Treaty ratification
Constitutional Renewal (following consultation paper) Parliament to be given statutory power to veto treaty ratification. But this is a "take it or leave it" retrospective power, with no role for Parliament in the negotiating process. It is not yet clear how Parliament will be able to make effective use of the power and whether a "sifting" process will be set up.

Dissolutions of Parliament
Governance Green PaperGiving Parliament a vote prior to a Prime Minister's request to the monarch for a dissolution is a symbolic gesture that will make hardly any difference to the balance of power between Parliament and the executive. It begs the question whether it remains appropriate for the monarch to retain the personal prerogative power to grant (or withhold) consent for a dissolution.

Giving the House of Commons the ability to request a recall of Parliament
Governance Green Paper; Modernisation Committee inquiry to be held The bar is set too high, demanding a request from a majority of MPs who will be widely dispersed during a recess; and then leaving the final decision which should rest with MPs to the discretion of the Speaker.

Civil Service Bill
Constitutional Renewal A valuable measure that will put the civil service and Civil Service Commissioners on a statutory footing and enshrine key values. However, the Civil Service Commission will not have the power to hold inquiries into compliance with the Civil Service Code on its own initiative; and tensions around the position of special advisers are unresolved.

Wider review of the Royal Prerogative
Governance Green Paper; Constitutional Renewal; a consultation paper is to be published following an internal government "scoping exercise" on executive prerogative powers. All Royal Prerogative powers should either be placed on a statutory basis or terminated. It is right (as the Public Administration Select Committee advised in its authoritative report; HC 422, 2004) to prioritise war powers, treaties and passports; but it is essential to move fast towards full public consultation on the whole process. It is a mistake to rule out reform to the personal prerogatives of the monarch, especially with regard to the choice of a Prime Minister that ought to be the prerogative of the House of Commons.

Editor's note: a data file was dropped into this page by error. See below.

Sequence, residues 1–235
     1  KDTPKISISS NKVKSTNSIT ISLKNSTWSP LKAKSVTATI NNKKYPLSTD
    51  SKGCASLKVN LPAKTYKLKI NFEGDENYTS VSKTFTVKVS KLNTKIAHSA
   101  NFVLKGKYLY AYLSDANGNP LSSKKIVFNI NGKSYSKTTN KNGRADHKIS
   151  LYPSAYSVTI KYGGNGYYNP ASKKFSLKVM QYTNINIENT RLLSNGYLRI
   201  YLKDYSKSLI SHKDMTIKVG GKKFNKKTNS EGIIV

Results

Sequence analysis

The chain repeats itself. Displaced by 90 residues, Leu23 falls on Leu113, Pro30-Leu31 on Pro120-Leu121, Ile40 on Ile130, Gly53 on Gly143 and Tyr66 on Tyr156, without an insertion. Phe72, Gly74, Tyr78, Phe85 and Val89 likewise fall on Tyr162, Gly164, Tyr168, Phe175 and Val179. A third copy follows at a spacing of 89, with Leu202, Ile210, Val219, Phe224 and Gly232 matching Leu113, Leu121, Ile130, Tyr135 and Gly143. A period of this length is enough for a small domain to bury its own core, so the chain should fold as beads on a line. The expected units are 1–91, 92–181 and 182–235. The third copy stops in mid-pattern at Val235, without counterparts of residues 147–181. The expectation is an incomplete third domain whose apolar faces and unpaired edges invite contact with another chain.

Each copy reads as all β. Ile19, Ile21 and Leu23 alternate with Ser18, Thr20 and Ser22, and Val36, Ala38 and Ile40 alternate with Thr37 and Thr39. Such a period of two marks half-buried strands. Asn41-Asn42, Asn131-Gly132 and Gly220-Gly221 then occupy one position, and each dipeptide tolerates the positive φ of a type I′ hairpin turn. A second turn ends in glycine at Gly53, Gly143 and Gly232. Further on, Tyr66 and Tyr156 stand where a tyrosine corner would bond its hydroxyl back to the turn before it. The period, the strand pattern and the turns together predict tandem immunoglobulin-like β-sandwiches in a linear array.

Reform of the role of the Attorney General Constitutional Renewal; consultation paper The proposals do not fulfil the government's original intention to remove the tensions inherent in a government minister acting as senior legal adviser and supervising the prosecuting authorities. While providing some safeguards, the Attorney General will continue to serve as the government legal adviser and is given an explicit power to halt prosecutions and investigations on undefined national security grounds. The AG will report annually to Parliament and swear to respect the rule of law.

Distancing the executive from judicial appointments
Constitutional Renewal; consultation paper It is right to exclude the Lord Chancellor and Prime Minister from the processes of appointing senior judges. However the Judicial Appointments Commission will find it very difficult in practice to broaden the composition of the judiciary and needs to be governed by wider criteria for appointments, including a commitment to diversity.

Ecclesiastical appointments
Constitutional Renewal; Archbishops" consultation paper and report approved by General Synod. It is proper to remove the Prime Minister's active role in making appointments; but there is a failure to address the broader issues of its privileged status over other faith communities and its proper place within a largely secular society.

Distancing ministers from the granting of honours
The Governance of Britain; Sir Hayden Phillips, Cabinet Office, 2004 Continuing commitment by Prime Minister and ministers not to alter recommendations for honours. But the whole process is too opaque and exclusive to command public confidence.

Parliamentary oversight and executive accountability:
A parliamentary role in key public appointments Governance Green Paper; Commons Liaison Committee, Pre-appointment hearings by select committees, HC384, 2007-08 (response to government list of posts) The proposal for select committee pre-appointment hearings and pre-commencement hearings for "market sensitive" is potentially a valuable development. The government is seeking to control the list of posts that will come under scrutiny.

Parliamentary scrutiny of the National Security Strategy; reform of the Intelligence and Scrutiny Committee
Governance Green Paper; Constitutional Renewal; The National Security Strategy of the United Kingdom, Cm 7291, March 2008 It would be consistent with the government's aim of strengthening Parliament if oversight of the strategy were given to a parliamentary select committee, perhaps a joint committee of both Houses, rather than left with a committee of prime-ministerial appointees, albeit chosen from within Parliament and from parliamentary nominees.
Draft legislative programme in advance of the Queen's Speech The Government's Draft Legislative Programme, Office of the Leader of the House of Commons, Cm 7175, July 2007; Modernisation Committee, Scrutiny of draft legislative programme, January 2008 A good proposal. The government produced a draft legislative programme in July 2007 that the Commons debated on 25 July 2007. However the timing came shortly before the ten-week summer recess and select committees did not take advantage of the opportunity to examine the proposals. If the proposal is to work effectively, committees must find ways of working in the recess.

Annual debates on departmental objectives and plans